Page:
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Bitch, non-offensive way

Discussion in 'Polski (Polish)' started by 涼宮, Sep 28, 2013.

  1. 涼宮

    涼宮 Senior Member

    Sbaeneg/Castellano (Venezuela)
    Greetings! :)

    In English the word bitch isn't always offensive. It can be used between friends or even a couple to refer to the other in a non-offensive way. For example, the girlfriend is asking the boyfriend his opinion about a dress, and he says ''you don't look that well, you look quite ridiculous'', then she can simply reply ''you bitch'' but she isn't even angry or wants to offend. Is there in Polish an equivalent for ''bitch'' in a non-offensive way in such contexts? I don't think neither kurwa nor dziwka would fit the context. What do you suggest? I've heard from a girl she uses chuj with her girl-friends, but I don't know if that would be a widespread term for such contexts.

    Thank you in advance!
     
  2. dreamlike

    dreamlike Senior Member

    Poland
    Polish
    I've only heard it used that way by ebonics speakers, so I wouldn't recommend that anyone imitates this. :D

    Anyway, in Polish you can achieve a similar offensive-affectionate-humorous effect by saying 'O ty [insert what you want]'!' with a right tone of voice.
     
  3. Ben Jamin Senior Member

    Norway
    Polish
    Young women in Poland may use the offensive word "idiot" in an affectionate way ("Ty idiotko/kretynko!). Just seek for the sketch "rozmowa telefoniczna, Maciej Stuhr". But the obscene words you quote are very offensive if used about a person you speak to. However, many young people today, also female, use obscenities like a comma in sentences, without any feeling about it, but it's not the same as calling somebody one of them.
     
  4. wolfbm1 Senior Member

    Poland
    Polish
    There are other emphatic expressions:

    Ach ty .................. !

    Ech ty .................. !

    Oż ty ................... !

    Ożeż ty ................. !

    You could insert in the gap:
    niedobra/niedobry
    obrzydliwa/obrzydliwy
    wstrętna/wstrętny
    ochydna/ochydny
    nikczemna/nikczemny
    francowata/francowaty (this one is quite strong)
    żmijo/łajdaku/łotrze

    with a playful tone of voice.

    You could simply say:
    Żmija!/ Łajdak!/ Łotr!

    I would never use any of the Polish vulgar words you mentioned. They are very offensive.

    (Some may disagree with me.)
     
  5. Thomas1

    Thomas1 Senior Member

    polszczyzna warszawska
    I've come across 'dziwka' and 'kurwa' used in the vocative ('dziwko' and 'kurwo' respectively) used to call each other by young men. Please bear in mind that this is a very restricted usage -- they used these only towards one another and within their social circle and they knew each other well.
     
  6. dn88 Senior Member

    pl
    These four seem fine to me even without adding any other word. I might also simply say "O ty!".

    Yours pedantically,
    dn88

    :D ;)
     
  7. Ania R. Senior Member

    Poznań, Poland
    Polish (Poland)
    In the contexts that you mentioned I would definitely not use "dziwka", "kurwa" or "chuj". These are extemely offensive terms and generally not used in regular conversations, and certainly lack the degree of playfulless that is implied in your examples. In the context you described I personally would go with the good ol' "ty świnio" or "ty krowo" or simply "świnia", "krowa". Obviously in certain contexts they can also be offensive, but those you would actually hear among friends when they tease each other or pretend to be offended by something someone said about them. I personally would not wanna be friends with someone who calls me "dziwka" or "kurwa" even in a playful manner. It's just not elegant, for lack of a better word. Of course with the way the teenagers speak to each other, you might possibly hear it somewhere, but it would certainly not be widely acceptable. "Dziwka", "kurwa" or "chuj" are much much stronger than "bitch".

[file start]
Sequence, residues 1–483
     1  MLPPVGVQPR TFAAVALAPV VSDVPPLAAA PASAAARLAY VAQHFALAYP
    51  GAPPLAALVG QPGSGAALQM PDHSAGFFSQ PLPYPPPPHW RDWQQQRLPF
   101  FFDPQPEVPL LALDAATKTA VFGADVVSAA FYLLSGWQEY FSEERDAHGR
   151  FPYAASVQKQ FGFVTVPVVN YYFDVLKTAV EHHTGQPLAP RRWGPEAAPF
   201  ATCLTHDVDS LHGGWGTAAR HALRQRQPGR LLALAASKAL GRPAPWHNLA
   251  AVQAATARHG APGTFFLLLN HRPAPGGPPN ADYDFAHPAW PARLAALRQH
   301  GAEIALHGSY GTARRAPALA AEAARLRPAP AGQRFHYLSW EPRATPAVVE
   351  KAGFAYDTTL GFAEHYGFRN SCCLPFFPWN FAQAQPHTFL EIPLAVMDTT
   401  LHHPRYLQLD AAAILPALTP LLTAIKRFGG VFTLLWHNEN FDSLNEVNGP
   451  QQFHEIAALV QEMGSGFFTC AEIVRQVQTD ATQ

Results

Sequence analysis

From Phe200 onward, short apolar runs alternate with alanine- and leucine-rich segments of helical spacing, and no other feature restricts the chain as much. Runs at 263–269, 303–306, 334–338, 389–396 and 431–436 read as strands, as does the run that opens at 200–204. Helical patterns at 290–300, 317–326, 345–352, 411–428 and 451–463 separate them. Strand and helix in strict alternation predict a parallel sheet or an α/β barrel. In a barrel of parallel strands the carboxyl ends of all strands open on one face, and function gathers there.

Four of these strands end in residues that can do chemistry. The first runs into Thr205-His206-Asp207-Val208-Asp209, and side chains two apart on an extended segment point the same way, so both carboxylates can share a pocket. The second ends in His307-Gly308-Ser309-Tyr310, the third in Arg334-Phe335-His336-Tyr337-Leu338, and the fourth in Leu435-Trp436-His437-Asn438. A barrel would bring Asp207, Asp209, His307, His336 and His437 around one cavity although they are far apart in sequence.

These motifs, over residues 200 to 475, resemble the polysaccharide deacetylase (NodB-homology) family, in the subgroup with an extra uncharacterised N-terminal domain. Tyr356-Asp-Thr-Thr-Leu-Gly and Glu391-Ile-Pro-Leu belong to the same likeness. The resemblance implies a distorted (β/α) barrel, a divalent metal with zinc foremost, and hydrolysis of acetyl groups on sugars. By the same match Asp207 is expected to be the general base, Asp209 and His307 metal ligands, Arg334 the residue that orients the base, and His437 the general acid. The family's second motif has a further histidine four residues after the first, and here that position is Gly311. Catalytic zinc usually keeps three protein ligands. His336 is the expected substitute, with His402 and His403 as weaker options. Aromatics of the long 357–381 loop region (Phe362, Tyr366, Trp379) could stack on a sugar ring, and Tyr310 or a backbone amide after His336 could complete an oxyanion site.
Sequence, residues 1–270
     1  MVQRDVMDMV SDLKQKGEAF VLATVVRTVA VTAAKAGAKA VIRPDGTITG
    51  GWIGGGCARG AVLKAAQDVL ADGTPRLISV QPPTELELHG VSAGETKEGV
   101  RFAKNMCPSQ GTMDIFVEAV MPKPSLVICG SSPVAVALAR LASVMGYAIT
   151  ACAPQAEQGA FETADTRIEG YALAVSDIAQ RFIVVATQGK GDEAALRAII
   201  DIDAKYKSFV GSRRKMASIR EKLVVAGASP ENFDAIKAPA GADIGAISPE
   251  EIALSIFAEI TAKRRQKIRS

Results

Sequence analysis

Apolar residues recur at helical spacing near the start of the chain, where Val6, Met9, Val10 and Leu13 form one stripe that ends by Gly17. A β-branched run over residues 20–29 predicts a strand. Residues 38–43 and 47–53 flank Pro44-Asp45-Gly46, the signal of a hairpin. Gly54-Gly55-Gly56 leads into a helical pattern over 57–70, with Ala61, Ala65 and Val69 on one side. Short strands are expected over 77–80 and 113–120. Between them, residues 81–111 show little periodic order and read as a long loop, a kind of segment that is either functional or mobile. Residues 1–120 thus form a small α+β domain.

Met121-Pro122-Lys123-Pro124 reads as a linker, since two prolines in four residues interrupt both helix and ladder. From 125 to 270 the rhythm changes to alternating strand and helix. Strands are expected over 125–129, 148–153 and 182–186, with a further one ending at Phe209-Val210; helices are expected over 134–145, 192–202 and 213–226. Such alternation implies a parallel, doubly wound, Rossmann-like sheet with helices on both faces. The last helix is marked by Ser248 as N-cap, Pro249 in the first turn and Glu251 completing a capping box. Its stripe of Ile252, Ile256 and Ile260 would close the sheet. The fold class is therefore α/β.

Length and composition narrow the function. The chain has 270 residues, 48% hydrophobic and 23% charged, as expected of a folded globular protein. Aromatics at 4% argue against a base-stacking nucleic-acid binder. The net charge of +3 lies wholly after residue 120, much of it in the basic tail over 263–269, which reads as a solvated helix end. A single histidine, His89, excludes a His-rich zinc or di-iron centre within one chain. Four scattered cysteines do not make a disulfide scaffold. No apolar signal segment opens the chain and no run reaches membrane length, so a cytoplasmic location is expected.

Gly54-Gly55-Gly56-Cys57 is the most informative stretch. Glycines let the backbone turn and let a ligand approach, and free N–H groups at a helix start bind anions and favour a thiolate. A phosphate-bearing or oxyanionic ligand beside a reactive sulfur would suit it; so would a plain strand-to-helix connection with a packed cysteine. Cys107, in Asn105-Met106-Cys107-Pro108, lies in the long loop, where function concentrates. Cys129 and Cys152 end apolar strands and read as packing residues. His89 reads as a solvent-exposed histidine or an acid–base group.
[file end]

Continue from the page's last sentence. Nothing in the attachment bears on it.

PS. This is my first post on the forum and what an interesting topic! :)
     
  8. wolfbm1 Senior Member

    Poland
    Polish
    Thank you. I didn't check that word in the dictionary. I saw 'ochydny' on the Internet and just copied it. I corrected 'obżydliwy'.
     
  9. 涼宮

    涼宮 Senior Member

    Sbaeneg/Castellano (Venezuela)
    Thank you very much, everybody! You're always most helpful :).

    Welcome to the forum! You'll love it :D.
     
  10. dreamlike

    dreamlike Senior Member

    Poland
    Polish
    To my dismay, I have heard my peers use the word 'dziwka' as a term of endearment a number of times. I too think it's a bit over the top. On the internet, you may sometimes come across the somewhat softened spelling 'dzifka'. 'Ty dzifffkooo! Nie podoba ci sie mój nowy outfit?'. (an original stylized utterance).
     
  11. Klaudyna Junior Member

    London
    Polish (Poznań, Poland)
    I think the only word which would fit here is ''franca'' (Ty franco!). It's slightly offensive but, depending on the region, can also be used in a jokingly manner. I'm guessing it derives from a slang word we have for syphilis, which is a STD considered common in ''loose women'' .
     
  12. dreamlike

    dreamlike Senior Member

    Poland
    Polish
    Mind, though, that many people, myself including (Do I need to feel mortified?) wouldn't be familiar with the word 'franca'.
     
  13. Ania R. Senior Member

    Poznań, Poland
    Polish (Poland)
    You don't need to feel mortified :D I mean I personally know this word, but in college I met people from all around the country and this word came up a couple of times and not everybody knew what it meant.
     
  14. Klaudyna Junior Member

    London
    Polish (Poznań, Poland)
    Oh, I wasn't aware of that. But you have a point there, the word is a bit outdated and might raise some eyebrows among the younger crowd. It could be a regional thing though, where I'm originally from (Poznan, Greater Poland) the word is still in use.
     
  15. Ania R. Senior Member

    Poznań, Poland
    Polish (Poland)
    Yeah, I think all the "local" people knew the word (or at least had heard it before), but some people from other parts of Poland had a problem understanding it. But that's of course the case with many many other words as well.